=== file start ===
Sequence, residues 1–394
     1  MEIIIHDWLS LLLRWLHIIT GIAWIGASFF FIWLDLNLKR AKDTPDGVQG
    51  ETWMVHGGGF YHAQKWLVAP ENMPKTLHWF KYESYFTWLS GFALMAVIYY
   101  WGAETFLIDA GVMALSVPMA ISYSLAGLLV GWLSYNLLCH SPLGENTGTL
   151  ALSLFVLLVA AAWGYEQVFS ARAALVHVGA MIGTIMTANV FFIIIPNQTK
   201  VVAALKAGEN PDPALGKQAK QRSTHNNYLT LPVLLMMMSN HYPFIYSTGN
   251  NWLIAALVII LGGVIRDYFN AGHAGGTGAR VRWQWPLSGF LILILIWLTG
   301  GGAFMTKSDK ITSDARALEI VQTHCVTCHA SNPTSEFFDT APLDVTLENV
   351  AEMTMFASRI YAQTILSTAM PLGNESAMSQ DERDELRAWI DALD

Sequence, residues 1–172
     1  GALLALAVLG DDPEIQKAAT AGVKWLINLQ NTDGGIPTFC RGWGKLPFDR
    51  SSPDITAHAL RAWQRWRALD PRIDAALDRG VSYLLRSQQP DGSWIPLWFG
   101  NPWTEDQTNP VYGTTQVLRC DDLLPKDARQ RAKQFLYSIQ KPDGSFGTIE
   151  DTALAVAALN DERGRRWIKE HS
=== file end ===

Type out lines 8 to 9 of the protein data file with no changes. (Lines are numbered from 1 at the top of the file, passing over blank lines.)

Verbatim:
   301  GGAFMTKSDK ITSDARALEI VQTHCVTCHA SNPTSEFFDT APLDVTLENV
   351  AEMTMFASRI YAQTILSTAM PLGNESAMSQ DERDELRAWI DALD